methods-in-methods, can they be static? Should they be externally accessible?

Reinier Zwitserloot reinier at
Wed Jan 8 14:41:38 UTC 2020

In regards to:
('Towards Cleaner Nesting' - Brian Goetz)

My only comment to the majority of that post is to applaud it. From the
text I gather that the most (to me, anyway) exotic aspect of the plan:
methods in methods – are not really part of milestone 1.

1.The 'local method branch' that Jesper and Maurizio were talking about
last Saturday – is that about methods in methods? Is 'local method' the
terminology for the concept of a method whose immediate enclosing lexical
context is a method?

2. Is it too early to talk about the semantics of methods in methods? Just
in case I misinterpreted the term 'local method' (see #1), I'm going to use
the term 'inner method' for any method whose immediate enclosing instance
is itself a method.

Syntactically, you can of course put the modifier 'static' on an inner
method. But what does that mean? Clearly it means you cannot access the
(non-static) fields of the instance that the enclosing method is in, even
if your enclosing method is itself non-static. That is obvious. However, if
I apply Brian's sense of what static means (namely: The lexical context of
a static anything is solely for namespacing purposes, not for access), it
would also mean I have no access to any (effectively) final local variables
declared 'above' me in the enclosing method – something method local
classes (and, presumably, non-static inner methods) DO get. This also
conveniently means the inner method can actually be hoisted up to the class
level by the compiler verbatim; nothing the method could possibly access
requires synthetic bridgers, the way captured local vars are currently
transmitted to method local classes via synthetic constructors.

Do I follow Brian's thought process on what 'static' means correctly and,
thus, will static inner methods be allowed?

3. If static inner methods are indeed allowed, any thoughts on allowing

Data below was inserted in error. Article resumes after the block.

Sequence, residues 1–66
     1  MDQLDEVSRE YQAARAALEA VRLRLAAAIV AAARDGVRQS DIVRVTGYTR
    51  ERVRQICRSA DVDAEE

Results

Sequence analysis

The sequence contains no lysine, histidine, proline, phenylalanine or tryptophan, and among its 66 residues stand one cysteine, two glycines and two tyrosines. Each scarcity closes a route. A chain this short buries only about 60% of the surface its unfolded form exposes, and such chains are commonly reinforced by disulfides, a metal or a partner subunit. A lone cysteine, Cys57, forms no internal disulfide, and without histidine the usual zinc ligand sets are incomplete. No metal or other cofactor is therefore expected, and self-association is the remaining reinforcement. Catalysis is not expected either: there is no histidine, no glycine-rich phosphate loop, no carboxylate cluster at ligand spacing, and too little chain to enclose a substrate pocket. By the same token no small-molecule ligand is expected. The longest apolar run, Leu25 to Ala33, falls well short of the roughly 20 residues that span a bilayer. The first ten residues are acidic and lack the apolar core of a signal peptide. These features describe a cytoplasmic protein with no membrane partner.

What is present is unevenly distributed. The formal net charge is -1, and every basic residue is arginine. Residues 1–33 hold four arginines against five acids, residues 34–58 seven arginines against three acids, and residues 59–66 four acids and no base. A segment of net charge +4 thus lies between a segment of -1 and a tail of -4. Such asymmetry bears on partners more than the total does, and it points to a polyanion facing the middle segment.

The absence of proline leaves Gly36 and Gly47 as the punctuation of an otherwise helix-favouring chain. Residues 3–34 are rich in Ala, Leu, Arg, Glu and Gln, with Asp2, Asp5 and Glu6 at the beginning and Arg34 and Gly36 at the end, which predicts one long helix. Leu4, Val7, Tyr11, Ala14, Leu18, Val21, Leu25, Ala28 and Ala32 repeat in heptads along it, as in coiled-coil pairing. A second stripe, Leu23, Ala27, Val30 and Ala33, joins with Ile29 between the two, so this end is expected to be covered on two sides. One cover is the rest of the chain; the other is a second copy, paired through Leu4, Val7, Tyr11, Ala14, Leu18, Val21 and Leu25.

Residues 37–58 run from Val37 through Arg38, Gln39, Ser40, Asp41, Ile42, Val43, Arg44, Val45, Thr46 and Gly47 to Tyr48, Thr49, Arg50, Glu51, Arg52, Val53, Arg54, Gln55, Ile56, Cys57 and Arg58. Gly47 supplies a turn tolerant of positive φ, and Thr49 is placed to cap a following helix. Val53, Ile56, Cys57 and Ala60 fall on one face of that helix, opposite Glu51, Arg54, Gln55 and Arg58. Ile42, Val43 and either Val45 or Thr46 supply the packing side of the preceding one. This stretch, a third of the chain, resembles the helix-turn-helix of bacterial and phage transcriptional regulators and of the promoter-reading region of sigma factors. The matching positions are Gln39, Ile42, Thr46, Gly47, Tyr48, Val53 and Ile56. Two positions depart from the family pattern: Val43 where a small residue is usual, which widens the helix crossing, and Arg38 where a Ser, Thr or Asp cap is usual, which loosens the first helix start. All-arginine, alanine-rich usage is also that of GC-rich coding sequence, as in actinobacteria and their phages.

code that isn't in the outer method to invoke the inner method? The point
of 'inner methods' is presumably that they are relevant only to the outer
method and thus this seems to go against the idea, but, for unit tests I
can foresee some utility in being able to do this. However, because of the
separated namespace rules (fields and methods each are their own
namespace), what would the syntax look like? Given:

    class Example {
        int instanceOuter = 10;
        void instanceOuter() {
            static boolean inner() { return true; }

How would one invoke the inner method from, say, a unit test class in the
same package for the Example class? Example.instanceOuter.inner() is
tricky. Example::instanceOuter.inner() doesn't really feel right, though I
believe syntactically that can be made to work.

Before we get bogged down in syntax debates, is this use case (unit tests)
worthwhile enough to try to find a way?

NB: For non-static inner methods, the required context is missing, so
invoking those is a no-go in any case, just like (short of reflective
shenanigans) you just can't touch method local classes from anywhere except
within that method right now. In that sense, now that method local classes
can be static, the same consideration applies there: There is some utility
to being able to reference a static method-local class (construct them,
call methods declared in them) from test classes.

 --Reinier Zwitserloot

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